Soon thereafter, he was mining it not only at Bare Hills and Soldiers Delight in Baltimore County as well as at various locations in Harford and Cecil County. Less chronicled was the chrome mining activity for which he was responsible in Montgomery County near Patuxent State Park.
Ostrander and Price's Minerals of Maryland, published by the Natural History Society of Maryland in 1940, recognizes the Etchinson Chrome Mine as having "not been worked in many years," and notes "little of interest remaining at the site.” Minerals known to have occurred there were listed as "chromite, chrome ore (a chrome spinelo-picotite?) green chrome tourmaline, fuchsite, green margarite, rutile in reddish brown encrustaions, magnesite, amesite? manesioferrite?. (Shannon)." The Etchinson Mine also received mention in Lawrence R. Bernstein's 1980 Maryland Geological Survey publication, Minerals of the Washington, DC Area as having been "completely paved over." Also noted was the nearby "Lyde-Griffith property," referenced by footnote to Heyl and Pearre from a 1960 U.S Geological Survey Bulletin. Bernstein noted that the "mineralogy of the deposit was not described but probably similar to that at the Etchinson Mine, as both are in the same serpentine body."
Jeff Nagy, who is several years into updating Bernstein's work, visited the site of the Etchinson Mine several years ago and noted a nearby outcrop of serpentinite rock. Around the same time, he also found his way to the site of the Lyde-Griffith property.
Through research entailing nearly as much history as mineralogy, Nagy has determined that circa 1830, Washington Waters leased this locality from its property owner. Later, the owner sued Waters when the market for chromium declined drastically and Waters was unable to pay royalties. The contractual dispute focused on whether or not Waters was obligated to remove the ore he had mined from the property or simply from the ground.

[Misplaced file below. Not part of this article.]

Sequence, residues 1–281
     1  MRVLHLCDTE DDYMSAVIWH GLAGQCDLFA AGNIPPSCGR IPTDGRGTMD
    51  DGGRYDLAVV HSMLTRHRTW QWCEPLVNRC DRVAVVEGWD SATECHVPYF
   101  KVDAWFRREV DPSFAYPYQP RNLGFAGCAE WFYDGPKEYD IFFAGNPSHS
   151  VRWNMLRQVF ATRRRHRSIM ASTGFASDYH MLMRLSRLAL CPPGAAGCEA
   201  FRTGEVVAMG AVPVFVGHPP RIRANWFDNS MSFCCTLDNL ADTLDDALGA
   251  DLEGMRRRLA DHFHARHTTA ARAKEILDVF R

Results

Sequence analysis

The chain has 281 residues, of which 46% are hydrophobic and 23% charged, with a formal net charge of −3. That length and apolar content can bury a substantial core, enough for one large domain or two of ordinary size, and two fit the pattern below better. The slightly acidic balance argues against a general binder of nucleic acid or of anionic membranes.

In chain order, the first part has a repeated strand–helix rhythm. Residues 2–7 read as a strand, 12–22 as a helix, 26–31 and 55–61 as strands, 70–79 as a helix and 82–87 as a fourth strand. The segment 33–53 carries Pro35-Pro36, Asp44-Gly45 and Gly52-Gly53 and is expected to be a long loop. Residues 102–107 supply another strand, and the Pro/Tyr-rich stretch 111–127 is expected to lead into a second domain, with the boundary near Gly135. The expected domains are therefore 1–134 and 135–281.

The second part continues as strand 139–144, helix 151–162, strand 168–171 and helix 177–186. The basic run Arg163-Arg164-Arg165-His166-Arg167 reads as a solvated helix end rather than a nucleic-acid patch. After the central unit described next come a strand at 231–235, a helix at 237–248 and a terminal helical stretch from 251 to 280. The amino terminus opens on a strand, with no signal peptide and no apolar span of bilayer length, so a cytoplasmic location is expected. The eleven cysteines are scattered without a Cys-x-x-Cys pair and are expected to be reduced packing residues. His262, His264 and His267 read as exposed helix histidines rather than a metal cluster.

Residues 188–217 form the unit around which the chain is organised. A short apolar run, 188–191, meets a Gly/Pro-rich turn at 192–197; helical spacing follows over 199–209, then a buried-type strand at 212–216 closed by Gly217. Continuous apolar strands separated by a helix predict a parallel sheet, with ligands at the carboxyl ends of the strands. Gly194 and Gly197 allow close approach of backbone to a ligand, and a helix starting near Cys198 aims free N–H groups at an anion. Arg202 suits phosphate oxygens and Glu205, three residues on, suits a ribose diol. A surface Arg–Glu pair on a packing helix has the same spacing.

By no later than 1869, the locality was known as Mr. Tyson's Chrome Pits. Nagy believes that an underground mine once existed and that Isaac Tyson's company operated the locality through pit mining. When Nagy last attempted to visit the locality during late spring, the briars and brambles were too thick to penetrate.
On a recent mid-November Friday, I had the privilege of accompanying Jeff on his second visit. Though even in late fall, the briars and brambles were formidable, we were able to access the remains of four pits, each between 300 and 400 feet long. They are south of the Patuxent River near where woodlands extending from Patuxent State Park meet a grazing field on private property. The only rocks not covered by more than a century's accumulation of soil and leaf mold were limited to an approximately 10 foot by 10 foot area.
Amidst these rocks were talc schist, quartz, and a grainy serpentinite. We found little that interested either of us with the exception of one handsize piece of quartz bearing a single quite weathered most likely cubic metallic brownish black metallic crystal about five millimeters in diameter that was embedded in quartz. Its identification stumped us a bit. For now, I'm going to guess "chrome ore," namely that "chrome spinelo picotite."
Though we had hoped to check out the nearby site that was once the Etchinson Chrome Mine, our time was running short. Of more interest to us was "an adjacent hill just south of the Etchinson site, " where Minerals of Maryland had noted that "quartz crystals are found in the soil." No mention of this hill appeared in Bernstein's book, and Jeff Nagy may have been unaware of it on his earlier visit. I hope that Jeff will take me along when he returns to check it out.